Fall/Winter 2015-2016

Sarah Miller


I ran like a wild child
On the green and red hills
Whilst the village was thick with sleep
After all of the mothers had called their kids home
With open armed cuddles that shrunk back the dark
And warnings of Ginny Green Teeth

Biting the cold with my juddering teeth
I forgot I was ever a child
I lay down flat and was covered in dark
Became a mud-maiden on those iron ore hills
Fingers were roots, clutched earth and were home
Wind and grass shushed me to sleep

There was peace in that sleep
Out with Ginny Green Teeth
The monsters were bigger at home
Where I was the hollow, wall-shrunken child
Trapped by concrete, not cradled by hills
Where there was much more to fear than the dark

Sometimes the moon would rip open the dark
Eyes fighting the fuddle of sleep
Imagine my mattress was the comforting hills
Wish my mother was Ginny Green Teeth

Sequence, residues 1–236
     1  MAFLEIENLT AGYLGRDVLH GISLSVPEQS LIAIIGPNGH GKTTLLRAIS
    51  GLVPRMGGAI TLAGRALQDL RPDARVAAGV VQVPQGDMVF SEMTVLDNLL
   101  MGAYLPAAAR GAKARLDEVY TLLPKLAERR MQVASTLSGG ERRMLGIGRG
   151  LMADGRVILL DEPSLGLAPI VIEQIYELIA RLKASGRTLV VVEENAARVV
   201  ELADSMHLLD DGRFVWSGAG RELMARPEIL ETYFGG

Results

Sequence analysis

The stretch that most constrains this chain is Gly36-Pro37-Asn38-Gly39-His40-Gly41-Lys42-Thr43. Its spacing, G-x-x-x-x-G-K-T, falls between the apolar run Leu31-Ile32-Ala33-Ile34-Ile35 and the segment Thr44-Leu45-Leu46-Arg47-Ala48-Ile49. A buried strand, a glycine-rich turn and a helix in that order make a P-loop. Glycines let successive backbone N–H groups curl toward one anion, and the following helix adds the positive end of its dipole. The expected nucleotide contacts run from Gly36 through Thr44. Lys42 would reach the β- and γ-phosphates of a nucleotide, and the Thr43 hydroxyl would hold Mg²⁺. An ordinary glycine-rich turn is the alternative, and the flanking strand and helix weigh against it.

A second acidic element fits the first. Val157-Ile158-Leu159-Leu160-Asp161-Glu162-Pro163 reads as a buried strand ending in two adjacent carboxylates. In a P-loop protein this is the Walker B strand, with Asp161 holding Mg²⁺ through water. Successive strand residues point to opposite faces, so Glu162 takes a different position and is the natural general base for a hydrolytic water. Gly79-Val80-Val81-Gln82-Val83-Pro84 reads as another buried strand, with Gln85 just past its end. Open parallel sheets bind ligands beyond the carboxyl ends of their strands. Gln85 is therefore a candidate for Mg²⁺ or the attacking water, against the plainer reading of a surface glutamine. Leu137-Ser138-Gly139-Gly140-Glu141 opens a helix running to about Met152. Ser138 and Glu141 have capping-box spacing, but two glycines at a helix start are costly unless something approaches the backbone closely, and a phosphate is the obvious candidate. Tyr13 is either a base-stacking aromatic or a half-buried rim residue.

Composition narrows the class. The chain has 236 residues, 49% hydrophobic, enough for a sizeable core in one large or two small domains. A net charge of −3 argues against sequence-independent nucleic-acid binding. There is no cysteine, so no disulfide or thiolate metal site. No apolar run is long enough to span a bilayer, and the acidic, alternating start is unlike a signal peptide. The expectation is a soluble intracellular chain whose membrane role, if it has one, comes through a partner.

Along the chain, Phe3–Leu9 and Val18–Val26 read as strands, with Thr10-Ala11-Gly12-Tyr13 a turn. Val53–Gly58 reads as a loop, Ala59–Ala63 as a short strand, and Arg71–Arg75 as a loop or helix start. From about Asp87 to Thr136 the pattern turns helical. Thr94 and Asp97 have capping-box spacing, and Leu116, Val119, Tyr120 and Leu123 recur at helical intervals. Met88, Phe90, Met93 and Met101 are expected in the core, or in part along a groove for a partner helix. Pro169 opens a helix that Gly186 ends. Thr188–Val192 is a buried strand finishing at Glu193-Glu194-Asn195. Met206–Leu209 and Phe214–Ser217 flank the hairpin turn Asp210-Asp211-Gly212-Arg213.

She wouldn’t eat her own special child
I know she wouldn’t scream-smack me home

The pond with no bottom, that would be home
We’d dance in the watery dark
She would sing bubble-songs to her Ginny Green child
Make ripples to rock me to sleep
Then she’d kiss me awake, smile with mud-blood stained teeth
And together we’d run on those hills

We’d look for bad children out on the hills
Children who should be at home
Frightened by stories of Ginny Green Teeth
Afraid to be out after dark
Scream, sharp mud-blood nightmares that don’t wait for sleep
Wail-tales to carry off a child

Those distant hills held all my dark dreams
A home where I wanted to sleep
Saved by Ginny and that mud-blood wild child
With her Ginny Green wisdom teeth.
Ginny Green Teeth ( or Jenny Green Teeth, depending which part of the country you are from) is a folk legend monster that seems to be used to discourage children from playing near dangerous water. The ponds near where I grew up were disused iron ore mines that had filled with water. This poem was published in Selkie Singing At The Passing Place, a joint poetry collection with Melanie Rees, Flapjack Press (2015).

Sarah Miller is a poet, playwright and theatre deviser living in Salford. 'Selkie Singing At The Passing Place', her joint poetry collection with Melanie Rees, was recently published by Flapjack Press.



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